Find your support system:
Your partner and close family will be a big support. Ask them to do some research into breastfeeding and normal new-born behaviour so they are more able to help. Maybe they could accompany you to a face to face antenatal session or watch an online training session. The Association of Breastfeeding Mothers has a nice free course called “Team Baby” which is all about how to support breastfeeding.
Your midwife and then health visitor will be your first port of call for support in the early days. But you may find you need some more specialist breastfeeding support. So before the babies arrive find out what is available locally. See if you can find your local breastfeeding support group, your local breastfeeding counsellor and your local International Board Certified Lactation Consultant (IBCLC). You may want to pop into your local breastfeeding group before the babies arrive just to see how it works. And maybe make contact with you breastfeeding counsellor and IBCLC so you know how they work and how to get hold of them if you need them.
The Twins Trust have trained breastfeeding peer supporters who can be contacted by email and they will support you by email or phone. The National Breastfeeding Helpline is open 9:30am to 9:30pm 7 days a week to talk through any difficulties and answer questions. And Breastfeeding Twins and Triplets UK Facebook Group has an IBCLC and trained peer supporters in its admin team and lots of other parents who are breastfeeding or have breastfed their babies. It’s an amazing group.
Antenatal hand expressing colostrum:
Twins are often born a bit small, a bit sleepy and a bit more difficult to feed. And so they often need a little bit of extra colostrum in the early days just to get them going with breastfeeding.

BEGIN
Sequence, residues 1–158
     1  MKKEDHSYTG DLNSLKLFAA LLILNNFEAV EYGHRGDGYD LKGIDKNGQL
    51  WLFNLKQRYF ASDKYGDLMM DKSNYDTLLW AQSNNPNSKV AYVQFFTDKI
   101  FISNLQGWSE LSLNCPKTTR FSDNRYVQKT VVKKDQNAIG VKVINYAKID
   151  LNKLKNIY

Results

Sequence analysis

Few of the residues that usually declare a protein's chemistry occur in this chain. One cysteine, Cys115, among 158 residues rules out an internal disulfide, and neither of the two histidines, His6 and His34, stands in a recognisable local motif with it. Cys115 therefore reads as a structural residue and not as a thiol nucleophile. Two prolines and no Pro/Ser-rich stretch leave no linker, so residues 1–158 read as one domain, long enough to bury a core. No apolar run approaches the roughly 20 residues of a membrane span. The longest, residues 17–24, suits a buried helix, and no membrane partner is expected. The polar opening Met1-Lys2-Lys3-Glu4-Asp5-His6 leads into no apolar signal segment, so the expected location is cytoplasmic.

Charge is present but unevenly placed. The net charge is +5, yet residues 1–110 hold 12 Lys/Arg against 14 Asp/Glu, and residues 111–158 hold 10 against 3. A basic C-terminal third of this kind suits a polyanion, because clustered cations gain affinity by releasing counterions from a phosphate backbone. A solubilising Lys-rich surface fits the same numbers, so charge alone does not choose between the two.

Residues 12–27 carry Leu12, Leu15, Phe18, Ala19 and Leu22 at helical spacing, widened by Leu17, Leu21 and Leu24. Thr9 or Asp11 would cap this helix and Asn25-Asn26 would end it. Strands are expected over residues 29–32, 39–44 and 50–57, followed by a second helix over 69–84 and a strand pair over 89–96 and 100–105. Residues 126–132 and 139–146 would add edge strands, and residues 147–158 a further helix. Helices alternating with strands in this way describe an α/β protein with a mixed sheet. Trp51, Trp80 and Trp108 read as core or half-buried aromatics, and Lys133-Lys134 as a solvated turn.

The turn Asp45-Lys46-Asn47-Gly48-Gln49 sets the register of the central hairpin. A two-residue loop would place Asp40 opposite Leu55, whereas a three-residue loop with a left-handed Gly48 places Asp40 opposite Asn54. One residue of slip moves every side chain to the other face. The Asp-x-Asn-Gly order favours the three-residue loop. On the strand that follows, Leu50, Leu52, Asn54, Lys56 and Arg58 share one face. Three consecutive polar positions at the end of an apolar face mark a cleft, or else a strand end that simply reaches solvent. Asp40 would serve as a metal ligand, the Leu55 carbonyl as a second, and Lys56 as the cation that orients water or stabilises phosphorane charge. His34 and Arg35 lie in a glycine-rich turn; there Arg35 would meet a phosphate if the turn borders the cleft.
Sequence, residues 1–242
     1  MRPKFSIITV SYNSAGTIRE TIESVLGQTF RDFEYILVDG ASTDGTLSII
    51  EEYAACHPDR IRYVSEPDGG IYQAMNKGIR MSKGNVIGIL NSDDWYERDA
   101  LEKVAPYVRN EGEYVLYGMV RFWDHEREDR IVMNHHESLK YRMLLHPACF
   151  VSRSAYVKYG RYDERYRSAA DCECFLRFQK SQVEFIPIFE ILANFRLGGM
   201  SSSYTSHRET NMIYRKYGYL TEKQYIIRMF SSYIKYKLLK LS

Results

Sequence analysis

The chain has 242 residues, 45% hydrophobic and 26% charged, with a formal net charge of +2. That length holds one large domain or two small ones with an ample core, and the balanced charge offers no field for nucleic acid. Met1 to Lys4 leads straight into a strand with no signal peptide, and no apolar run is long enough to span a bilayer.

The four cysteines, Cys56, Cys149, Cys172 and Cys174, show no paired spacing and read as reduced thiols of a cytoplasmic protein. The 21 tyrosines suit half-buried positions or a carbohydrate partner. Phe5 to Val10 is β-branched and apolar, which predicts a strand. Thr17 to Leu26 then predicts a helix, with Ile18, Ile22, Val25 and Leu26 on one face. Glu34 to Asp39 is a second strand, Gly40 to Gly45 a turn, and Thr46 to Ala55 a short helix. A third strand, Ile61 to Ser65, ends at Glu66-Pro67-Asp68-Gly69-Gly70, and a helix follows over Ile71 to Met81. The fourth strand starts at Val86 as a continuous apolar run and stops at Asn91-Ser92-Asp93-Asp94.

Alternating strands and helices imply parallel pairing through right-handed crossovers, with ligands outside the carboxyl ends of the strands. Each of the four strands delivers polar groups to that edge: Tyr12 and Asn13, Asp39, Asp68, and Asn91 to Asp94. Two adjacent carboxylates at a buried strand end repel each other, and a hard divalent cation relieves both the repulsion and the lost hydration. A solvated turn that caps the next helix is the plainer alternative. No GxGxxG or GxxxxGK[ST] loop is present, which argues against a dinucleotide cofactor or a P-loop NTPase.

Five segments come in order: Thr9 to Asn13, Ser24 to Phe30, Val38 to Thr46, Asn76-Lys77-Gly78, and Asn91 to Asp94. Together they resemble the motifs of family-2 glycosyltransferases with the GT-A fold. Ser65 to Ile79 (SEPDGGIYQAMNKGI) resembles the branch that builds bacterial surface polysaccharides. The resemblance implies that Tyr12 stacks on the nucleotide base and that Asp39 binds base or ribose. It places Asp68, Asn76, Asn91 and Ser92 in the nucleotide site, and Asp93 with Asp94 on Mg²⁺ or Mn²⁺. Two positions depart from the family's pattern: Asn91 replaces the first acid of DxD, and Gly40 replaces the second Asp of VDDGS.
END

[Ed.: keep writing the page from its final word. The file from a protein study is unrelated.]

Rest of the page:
Antenatal hand expressing has been proven to be safe from 36 weeks of pregnancy. However as many twins are born at 36 weeks, if this is the case for you discuss with your health care professionals whether it would be ok to start in the week leading up to planned induction/caesarean section.
Hand express 2 to 3 times a day. Hand expressing is gentler, and colostrum is so thick and sticky and in such small quantities that it would just get lost in the breast pump. It is totally normal to only get very small amounts. But it is super concentrated, packed full of immunity, and all that baby needs in the first few days so every drop counts. Collect in syringes, either straight from the nipple, or into a sterilised cup first and then transferred to a syringe. Label clearly with name, date and hospital number, freeze in lidded container. When it is time to have the babies, take syringes to the hospital in a cool bag and make sure the staff know they have it. If you have lots of colostrum, don’t take it all, your partner can always pick up more from home if needed.
Kathryn Stagg IBCLC, 2020